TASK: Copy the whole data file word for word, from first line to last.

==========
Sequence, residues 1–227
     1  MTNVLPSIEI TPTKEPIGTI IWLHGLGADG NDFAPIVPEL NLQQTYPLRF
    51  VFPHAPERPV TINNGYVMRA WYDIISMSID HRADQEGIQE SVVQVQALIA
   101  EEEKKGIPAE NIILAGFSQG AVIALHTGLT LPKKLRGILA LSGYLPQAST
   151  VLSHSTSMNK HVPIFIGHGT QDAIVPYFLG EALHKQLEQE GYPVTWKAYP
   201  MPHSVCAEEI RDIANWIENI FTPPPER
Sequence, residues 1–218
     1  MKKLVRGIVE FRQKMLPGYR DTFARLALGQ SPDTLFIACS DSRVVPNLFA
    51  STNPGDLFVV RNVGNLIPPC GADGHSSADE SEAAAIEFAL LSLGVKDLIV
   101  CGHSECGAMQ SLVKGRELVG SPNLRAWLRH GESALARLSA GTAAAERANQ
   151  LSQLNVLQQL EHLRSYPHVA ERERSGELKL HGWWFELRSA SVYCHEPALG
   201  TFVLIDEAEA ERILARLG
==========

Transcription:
Sequence, residues 1–227
     1  MTNVLPSIEI TPTKEPIGTI IWLHGLGADG NDFAPIVPEL NLQQTYPLRF
    51  VFPHAPERPV TINNGYVMRA WYDIISMSID HRADQEGIQE SVVQVQALIA
   101  EEEKKGIPAE NIILAGFSQG AVIALHTGLT LPKKLRGILA LSGYLPQAST
   151  VLSHSTSMNK HVPIFIGHGT QDAIVPYFLG EALHKQLEQE GYPVTWKAYP
   201  MPHSVCAEEI RDIANWIENI FTPPPER
Sequence, residues 1–218
     1  MKKLVRGIVE FRQKMLPGYR DTFARLALGQ SPDTLFIACS DSRVVPNLFA
    51  STNPGDLFVV RNVGNLIPPC GADGHSSADE SEAAAIEFAL LSLGVKDLIV
   101  CGHSECGAMQ SLVKGRELVG SPNLRAWLRH GESALARLSA GTAAAERANQ
   151  LSQLNVLQQL EHLRSYPHVA ERERSGELKL HGWWFELRSA SVYCHEPALG
   201  TFVLIDEAEA ERILARLG